This time of year, as young deer leave their home areas, drivers should be alert for deer along highways.

The peak season for deer-vehicle collisions is from early October to mid-December. After nightfall, drivers are recommended to drive more slowly and cautiously to lessen the possibility of coming across deer. The most common times for deer-vehicle collisions are dawn and dusk, when deer are most active.

Drivers need to be alert for warning signals when deer are nearby. Search for a second or third deer to follow when you observe one deer cross the road. Keep an eye out for signage warning of the Deer Crossing Area on the roads.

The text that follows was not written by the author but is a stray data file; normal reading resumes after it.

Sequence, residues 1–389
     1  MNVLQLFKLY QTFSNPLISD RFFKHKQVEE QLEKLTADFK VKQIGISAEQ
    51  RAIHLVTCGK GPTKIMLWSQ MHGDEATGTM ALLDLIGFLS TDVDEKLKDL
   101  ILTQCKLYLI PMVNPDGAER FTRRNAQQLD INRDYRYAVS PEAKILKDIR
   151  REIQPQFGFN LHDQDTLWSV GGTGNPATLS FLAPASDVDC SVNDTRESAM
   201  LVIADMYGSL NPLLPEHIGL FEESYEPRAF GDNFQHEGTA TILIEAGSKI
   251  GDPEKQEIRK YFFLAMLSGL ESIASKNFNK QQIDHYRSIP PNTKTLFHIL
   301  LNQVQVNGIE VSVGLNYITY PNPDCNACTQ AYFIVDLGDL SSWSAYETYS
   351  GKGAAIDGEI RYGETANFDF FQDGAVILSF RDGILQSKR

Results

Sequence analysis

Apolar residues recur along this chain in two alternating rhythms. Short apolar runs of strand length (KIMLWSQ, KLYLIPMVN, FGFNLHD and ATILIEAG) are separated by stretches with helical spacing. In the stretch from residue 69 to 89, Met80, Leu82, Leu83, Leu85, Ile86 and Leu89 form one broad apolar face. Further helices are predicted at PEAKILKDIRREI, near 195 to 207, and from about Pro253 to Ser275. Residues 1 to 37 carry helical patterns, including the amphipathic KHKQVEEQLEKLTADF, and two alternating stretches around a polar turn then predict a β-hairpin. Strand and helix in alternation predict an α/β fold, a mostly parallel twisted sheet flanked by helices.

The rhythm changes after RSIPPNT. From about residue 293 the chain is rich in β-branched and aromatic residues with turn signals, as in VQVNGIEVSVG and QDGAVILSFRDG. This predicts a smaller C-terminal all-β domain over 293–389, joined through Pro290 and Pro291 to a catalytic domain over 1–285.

Sometimes deer-vehicle collisions are unavoidable.

If only the car is harmed, law enforcement agencies do not need to be informed. The collision must be recorded, though, if there were any injuries or other property damage. In addition, a permit is required before taking possession of road-killed deer. Permits are free and available from game wardens and local law enforcement.

The following measures can reduce the likelihood of injury or property damage in deer-vehicle collision: 

Always wear your seat belt.

Don’t swerve or take the ditch to avoid hitting a deer. Try to brake as much as possible and stay on the roadway. Don’t lose control of your vehicle or slam into something else to miss the deer. You risk less injury by hitting the deer.

If you spot deer ahead, slow down immediately and honk your horn.



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